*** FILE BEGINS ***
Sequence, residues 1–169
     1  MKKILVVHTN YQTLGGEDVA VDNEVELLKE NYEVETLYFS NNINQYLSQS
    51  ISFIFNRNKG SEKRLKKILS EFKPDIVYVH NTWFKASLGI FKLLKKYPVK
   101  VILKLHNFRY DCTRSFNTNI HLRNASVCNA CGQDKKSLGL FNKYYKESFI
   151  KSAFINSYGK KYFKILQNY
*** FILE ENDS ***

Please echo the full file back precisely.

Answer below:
Sequence, residues 1–169
     1  MKKILVVHTN YQTLGGEDVA VDNEVELLKE NYEVETLYFS NNINQYLSQS
    51  ISFIFNRNKG SEKRLKKILS EFKPDIVYVH NTWFKASLGI FKLLKKYPVK
   101  VILKLHNFRY DCTRSFNTNI HLRNASVCNA CGQDKKSLGL FNKYYKESFI
   151  KSAFINSYGK KYFKILQNY